Medicare, Medicaid, the Maryland Children’s Health Program or those with an employer sponsored group health insurance plan with comparable benefits, according to the analysis. Majority Leader Kumar P. Barve (D-Dist 17 of Gaithersburg) said the measure was a good idea. “It’s a question of fairness,” he said. “These are people who in good faith tried to sign up. We should try to help them our until the website is running smoothly.” Montgomery County Republican Central Committee Chairman Michael Higgs said the new law was “ﬂawed legislation.” “My problem with this bill is it’s open-ended. Nobody has any idea how many people this is going to affect and how much money it will cost taxpayers. It is essentially a blank check,” he said. The legislative analysis noted that the costs can’t be calculated. “The exact [cost] cannot be reliably quantified and will depend on the number of people who qualify as bridge-eligible individuals, the number of those individuals who choose to enroll in MHIP, the plan selected and the total health care expenditures incurred during enrollment,” it read. “Funds are anticipated to come from the MHIP fund balance. Sufficient funds are available for this purpose, and no additional State funds should be required.” Sarah Tincher of Capital News Service contributed to this story. firstname.lastname@example.org
Gansler expresses support for school construction money Democratic gubernatorial candidate calls counties’ plan ‘ﬁscally responsible’ n
KATE S. ALEXANDER STAFF WRITER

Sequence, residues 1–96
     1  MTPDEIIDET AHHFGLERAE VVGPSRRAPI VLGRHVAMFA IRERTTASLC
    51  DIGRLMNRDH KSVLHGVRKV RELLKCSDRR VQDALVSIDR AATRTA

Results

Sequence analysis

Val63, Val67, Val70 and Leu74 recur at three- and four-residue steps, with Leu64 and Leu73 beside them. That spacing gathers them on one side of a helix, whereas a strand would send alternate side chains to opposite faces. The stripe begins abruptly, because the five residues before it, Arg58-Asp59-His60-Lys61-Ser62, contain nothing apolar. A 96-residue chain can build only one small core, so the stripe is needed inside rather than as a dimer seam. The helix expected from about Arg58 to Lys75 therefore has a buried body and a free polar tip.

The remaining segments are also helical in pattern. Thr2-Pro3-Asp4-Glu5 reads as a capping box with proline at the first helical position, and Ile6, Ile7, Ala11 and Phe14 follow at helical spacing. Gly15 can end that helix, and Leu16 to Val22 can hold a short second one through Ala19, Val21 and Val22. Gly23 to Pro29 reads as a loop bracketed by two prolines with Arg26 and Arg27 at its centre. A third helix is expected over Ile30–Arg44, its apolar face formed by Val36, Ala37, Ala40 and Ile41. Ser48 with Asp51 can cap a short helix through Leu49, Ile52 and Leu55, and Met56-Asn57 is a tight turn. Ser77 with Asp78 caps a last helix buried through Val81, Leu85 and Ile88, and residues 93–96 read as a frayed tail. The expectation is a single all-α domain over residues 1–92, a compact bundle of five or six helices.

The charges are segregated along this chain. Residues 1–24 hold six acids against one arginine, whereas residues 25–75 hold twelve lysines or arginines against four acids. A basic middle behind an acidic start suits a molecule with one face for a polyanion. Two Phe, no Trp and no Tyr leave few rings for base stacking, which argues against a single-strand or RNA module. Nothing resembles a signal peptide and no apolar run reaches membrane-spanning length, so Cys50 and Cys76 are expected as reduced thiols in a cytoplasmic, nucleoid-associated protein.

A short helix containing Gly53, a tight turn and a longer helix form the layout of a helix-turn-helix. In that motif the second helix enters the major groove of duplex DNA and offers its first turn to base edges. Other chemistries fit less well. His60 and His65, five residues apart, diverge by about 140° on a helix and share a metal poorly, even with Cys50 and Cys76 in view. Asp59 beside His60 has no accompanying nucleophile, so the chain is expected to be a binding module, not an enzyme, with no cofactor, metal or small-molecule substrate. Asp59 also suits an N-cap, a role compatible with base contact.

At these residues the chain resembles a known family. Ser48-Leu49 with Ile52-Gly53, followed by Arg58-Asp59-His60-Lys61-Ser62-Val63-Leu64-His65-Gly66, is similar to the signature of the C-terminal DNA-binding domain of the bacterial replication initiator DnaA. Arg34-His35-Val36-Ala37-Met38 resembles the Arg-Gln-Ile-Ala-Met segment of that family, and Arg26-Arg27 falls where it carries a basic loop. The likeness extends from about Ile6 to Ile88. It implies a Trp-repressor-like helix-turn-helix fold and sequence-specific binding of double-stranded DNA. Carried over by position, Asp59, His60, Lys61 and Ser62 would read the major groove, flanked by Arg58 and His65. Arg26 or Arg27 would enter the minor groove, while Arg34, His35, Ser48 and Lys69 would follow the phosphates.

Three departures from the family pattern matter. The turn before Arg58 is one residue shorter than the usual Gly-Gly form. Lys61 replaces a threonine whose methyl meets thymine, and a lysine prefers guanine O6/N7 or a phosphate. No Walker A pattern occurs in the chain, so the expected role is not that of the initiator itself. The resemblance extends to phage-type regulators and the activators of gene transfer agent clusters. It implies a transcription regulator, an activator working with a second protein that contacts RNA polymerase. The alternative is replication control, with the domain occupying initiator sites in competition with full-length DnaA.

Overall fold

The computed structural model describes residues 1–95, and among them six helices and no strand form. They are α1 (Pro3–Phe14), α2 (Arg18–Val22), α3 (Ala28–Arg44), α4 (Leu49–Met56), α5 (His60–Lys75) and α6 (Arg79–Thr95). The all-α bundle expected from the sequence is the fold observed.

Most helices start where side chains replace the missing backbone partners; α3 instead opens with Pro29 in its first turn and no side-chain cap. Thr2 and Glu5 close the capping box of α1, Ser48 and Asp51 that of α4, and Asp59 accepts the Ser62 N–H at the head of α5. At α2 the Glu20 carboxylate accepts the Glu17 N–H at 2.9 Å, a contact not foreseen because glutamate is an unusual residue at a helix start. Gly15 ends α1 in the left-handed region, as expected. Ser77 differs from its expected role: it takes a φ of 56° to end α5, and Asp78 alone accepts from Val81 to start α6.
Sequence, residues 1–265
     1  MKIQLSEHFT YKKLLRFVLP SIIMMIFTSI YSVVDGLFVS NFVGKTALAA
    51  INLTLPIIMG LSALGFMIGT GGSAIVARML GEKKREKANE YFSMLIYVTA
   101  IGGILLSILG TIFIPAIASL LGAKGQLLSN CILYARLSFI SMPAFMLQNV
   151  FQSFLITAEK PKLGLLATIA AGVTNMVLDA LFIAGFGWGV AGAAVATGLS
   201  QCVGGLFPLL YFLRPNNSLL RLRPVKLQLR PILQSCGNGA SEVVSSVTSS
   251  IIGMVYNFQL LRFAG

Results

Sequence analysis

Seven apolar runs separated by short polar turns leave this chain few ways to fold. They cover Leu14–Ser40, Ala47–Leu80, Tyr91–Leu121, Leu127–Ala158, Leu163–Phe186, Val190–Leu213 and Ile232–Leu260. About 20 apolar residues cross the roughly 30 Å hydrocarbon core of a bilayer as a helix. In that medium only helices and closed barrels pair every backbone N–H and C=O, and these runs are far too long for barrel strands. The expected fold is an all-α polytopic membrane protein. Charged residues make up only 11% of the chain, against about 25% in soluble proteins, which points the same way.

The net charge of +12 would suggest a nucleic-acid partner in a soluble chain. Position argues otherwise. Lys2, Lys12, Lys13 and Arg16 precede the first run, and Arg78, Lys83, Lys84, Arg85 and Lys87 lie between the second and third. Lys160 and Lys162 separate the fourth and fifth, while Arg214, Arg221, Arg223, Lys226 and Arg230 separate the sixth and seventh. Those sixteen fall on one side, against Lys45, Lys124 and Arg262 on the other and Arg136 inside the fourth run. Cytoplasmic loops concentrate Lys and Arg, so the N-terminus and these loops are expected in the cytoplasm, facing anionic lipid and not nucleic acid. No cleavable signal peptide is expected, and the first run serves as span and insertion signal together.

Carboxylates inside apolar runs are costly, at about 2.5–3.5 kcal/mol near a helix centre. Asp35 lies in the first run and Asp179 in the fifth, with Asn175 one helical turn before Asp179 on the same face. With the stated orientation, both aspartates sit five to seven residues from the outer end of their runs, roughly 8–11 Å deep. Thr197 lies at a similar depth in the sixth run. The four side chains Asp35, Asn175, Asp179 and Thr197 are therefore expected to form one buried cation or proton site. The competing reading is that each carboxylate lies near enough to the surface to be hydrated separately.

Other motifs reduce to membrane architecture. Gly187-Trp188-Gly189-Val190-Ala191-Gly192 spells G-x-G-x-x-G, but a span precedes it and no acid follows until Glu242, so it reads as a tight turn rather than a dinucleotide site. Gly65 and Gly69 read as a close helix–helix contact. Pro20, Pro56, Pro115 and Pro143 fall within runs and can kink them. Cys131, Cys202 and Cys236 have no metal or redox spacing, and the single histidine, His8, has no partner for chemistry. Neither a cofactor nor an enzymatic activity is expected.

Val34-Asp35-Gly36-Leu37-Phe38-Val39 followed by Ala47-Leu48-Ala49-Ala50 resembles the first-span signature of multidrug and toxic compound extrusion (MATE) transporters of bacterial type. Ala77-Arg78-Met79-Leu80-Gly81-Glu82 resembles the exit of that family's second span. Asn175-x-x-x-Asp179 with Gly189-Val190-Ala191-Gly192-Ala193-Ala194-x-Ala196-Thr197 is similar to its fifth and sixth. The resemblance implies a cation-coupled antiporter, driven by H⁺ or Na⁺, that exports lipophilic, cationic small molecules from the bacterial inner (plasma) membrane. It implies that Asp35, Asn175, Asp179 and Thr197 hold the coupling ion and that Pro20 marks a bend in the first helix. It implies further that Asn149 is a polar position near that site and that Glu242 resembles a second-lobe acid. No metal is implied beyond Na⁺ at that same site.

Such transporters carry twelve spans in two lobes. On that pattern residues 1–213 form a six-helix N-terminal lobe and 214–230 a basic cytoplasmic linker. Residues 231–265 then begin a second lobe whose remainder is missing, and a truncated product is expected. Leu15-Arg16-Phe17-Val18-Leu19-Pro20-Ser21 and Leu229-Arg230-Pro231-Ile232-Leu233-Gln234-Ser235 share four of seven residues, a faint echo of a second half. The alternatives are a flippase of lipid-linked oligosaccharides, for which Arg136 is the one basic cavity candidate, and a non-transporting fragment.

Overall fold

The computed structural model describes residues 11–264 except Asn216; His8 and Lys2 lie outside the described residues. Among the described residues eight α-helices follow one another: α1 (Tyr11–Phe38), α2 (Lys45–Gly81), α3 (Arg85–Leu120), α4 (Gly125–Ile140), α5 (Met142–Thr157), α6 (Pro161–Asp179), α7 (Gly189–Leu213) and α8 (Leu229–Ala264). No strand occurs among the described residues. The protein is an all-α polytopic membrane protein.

Montgomery County has another ally in its ﬁght for more school construction money. Attorney General Douglas F. Gansler, who is seeking the Democratic nomination for the governor’s race, is backing the executives of Montgomery, Prince George’s and Baltimore counties in their push to create a program for funding school construction. Gansler joins Del. Heather R. Mizeur, one of his opponents for the party nomination, in support of the push. Mizeur (D-Dist. 20) of Takoma Park is a co-sponsor of legislation to create the program. In a statement Friday, Gansler said the portable classrooms, leaky roofs and inadequate bathrooms cited as issues at many aging schools are not hallmarks of the best education system in the nation, but rather symbols of a system that serves some and not others. Maryland was previously ranked no. 1 in education by Education Week, but this year that publication changed its system from a ranking to a grade and Maryland fell below seven other states. “With the endless stream of gambling revenue that the administration promised will fund our schools, we should fully expect Lt. Gov. [Anthony] Brown to submit this as one of the signature pieces of legislation for the administration this session,” Gansler said. Brown (D), also running for governor this year, was unavailable to comment due to the death of his father. Gansler, Brown and Mizeur will face each other in the June 24 Democratic primary. In his letter of support to the county executives, Gansler called the proposal “ﬁscally responsible.” “Your proposal enables the state to support county-led efforts, at primarily county expense, to obtain construction bonds that will go directly to schools and not be diverted to projects for special interests,” he wrote. “This investment of state resources will be repaid tenfold in the increased success of our students.” County Executive Isiah Leggett said existing state funding for school construction in Montgomery goes to cover the ever-increasing enrollment at Montgomery County Public Schools. About 2,000 new students enroll each year, he said. Montgomery County’s priority this session is having the state establish a steady, predictable stream of money to leverage borrowing for school construction.